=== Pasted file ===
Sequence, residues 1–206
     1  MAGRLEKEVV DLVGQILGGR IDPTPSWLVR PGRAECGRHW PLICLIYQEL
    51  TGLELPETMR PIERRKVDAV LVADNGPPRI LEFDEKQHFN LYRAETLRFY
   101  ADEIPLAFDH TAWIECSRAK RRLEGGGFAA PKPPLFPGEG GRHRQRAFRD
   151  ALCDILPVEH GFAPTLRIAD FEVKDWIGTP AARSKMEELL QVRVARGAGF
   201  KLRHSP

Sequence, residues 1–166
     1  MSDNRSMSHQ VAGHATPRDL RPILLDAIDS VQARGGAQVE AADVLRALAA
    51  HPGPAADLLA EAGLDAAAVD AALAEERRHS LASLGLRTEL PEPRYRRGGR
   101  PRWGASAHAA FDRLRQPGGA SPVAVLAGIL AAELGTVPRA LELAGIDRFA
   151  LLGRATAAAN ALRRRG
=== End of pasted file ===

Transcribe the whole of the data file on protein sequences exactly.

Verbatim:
Sequence, residues 1–206
     1  MAGRLEKEVV DLVGQILGGR IDPTPSWLVR PGRAECGRHW PLICLIYQEL
    51  TGLELPETMR PIERRKVDAV LVADNGPPRI LEFDEKQHFN LYRAETLRFY
   101  ADEIPLAFDH TAWIECSRAK RRLEGGGFAA PKPPLFPGEG GRHRQRAFRD
   151  ALCDILPVEH GFAPTLRIAD FEVKDWIGTP AARSKMEELL QVRVARGAGF
   201  KLRHSP

Sequence, residues 1–166
     1  MSDNRSMSHQ VAGHATPRDL RPILLDAIDS VQARGGAQVE AADVLRALAA
    51  HPGPAADLLA EAGLDAAAVD AALAEERRHS LASLGLRTEL PEPRYRRGGR
   101  PRWGASAHAA FDRLRQPGGA SPVAVLAGIL AAELGTVPRA LELAGIDRFA
   151  LLGRATAAAN ALRRRG